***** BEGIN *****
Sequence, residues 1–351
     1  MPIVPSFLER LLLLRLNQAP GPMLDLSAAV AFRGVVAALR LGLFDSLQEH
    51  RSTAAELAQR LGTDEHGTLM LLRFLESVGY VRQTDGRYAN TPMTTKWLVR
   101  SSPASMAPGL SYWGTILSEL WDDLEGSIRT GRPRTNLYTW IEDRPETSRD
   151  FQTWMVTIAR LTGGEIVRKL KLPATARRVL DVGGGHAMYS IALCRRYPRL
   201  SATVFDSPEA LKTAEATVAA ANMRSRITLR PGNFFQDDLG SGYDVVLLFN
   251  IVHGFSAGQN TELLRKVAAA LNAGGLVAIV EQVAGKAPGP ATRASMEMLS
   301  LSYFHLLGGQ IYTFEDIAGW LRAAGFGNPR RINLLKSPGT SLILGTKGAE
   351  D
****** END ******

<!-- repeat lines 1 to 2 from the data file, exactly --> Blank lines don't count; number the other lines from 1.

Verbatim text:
Sequence, residues 1–351
     1  MPIVPSFLER LLLLRLNQAP GPMLDLSAAV AFRGVVAALR LGLFDSLQEH